I’ve only been here once, but it was a great city to visit. My favorite part was seeing Opeth and Gojira at Red Rocks. Now, you’ve probably heard how magical Red Rocks is; take whatever you’ve heard, and magnify it a hundred times. It is without question the best venue I’ve ever been to. If you’re a fan of either band, imagine Gojira’s aggressive, percussive sound reverberating around a beautiful canyon, then picture the richness of Opeth’s sound following up. The bartenders there (there are several places to get a drink) have very heavy hands, and you more than get your money’s worth. Watch out, however, as it’s quite an uphill walk to the parking lot when you arrive, and quite a long downhill walk (in the dark) when you leave. I highly suggest getting a shuttle to take you to and from the venue, as traffic might be a bit flaky when you leave.
Denver also has a great food scene. Right out front of the their art museum there’s a line up of really cool food trucks during the summer months. Walk up and down the row before you choose, as there will be a lot of great choices. The quality and innovation of the menus is amazing, and for those of you who have worked in a kitchen before, you’ll be very impressed by the engineering and set up these folks have come up with. If you want inventive, tasty food with creative twists, this is a must see in this town.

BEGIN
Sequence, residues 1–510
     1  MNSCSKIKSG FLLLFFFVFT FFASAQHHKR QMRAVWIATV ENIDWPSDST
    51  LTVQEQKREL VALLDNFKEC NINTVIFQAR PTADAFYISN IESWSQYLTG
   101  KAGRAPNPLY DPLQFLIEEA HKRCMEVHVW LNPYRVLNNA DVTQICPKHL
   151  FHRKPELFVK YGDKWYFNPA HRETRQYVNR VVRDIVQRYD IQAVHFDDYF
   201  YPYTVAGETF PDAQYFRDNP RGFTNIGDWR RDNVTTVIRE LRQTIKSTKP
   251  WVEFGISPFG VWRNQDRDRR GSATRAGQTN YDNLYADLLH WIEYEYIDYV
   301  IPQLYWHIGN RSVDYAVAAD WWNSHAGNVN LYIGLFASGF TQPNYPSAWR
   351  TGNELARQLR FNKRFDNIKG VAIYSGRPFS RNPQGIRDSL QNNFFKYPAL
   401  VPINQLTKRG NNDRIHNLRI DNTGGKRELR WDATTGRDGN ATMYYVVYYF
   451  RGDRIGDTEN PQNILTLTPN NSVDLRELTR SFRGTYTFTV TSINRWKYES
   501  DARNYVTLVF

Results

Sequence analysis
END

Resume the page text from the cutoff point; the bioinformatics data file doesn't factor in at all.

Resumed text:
Third Circle: New York City
I have a question: what’s your pleasure?
You’ll find in the Big Apple.
Your experience here will be a real treasure.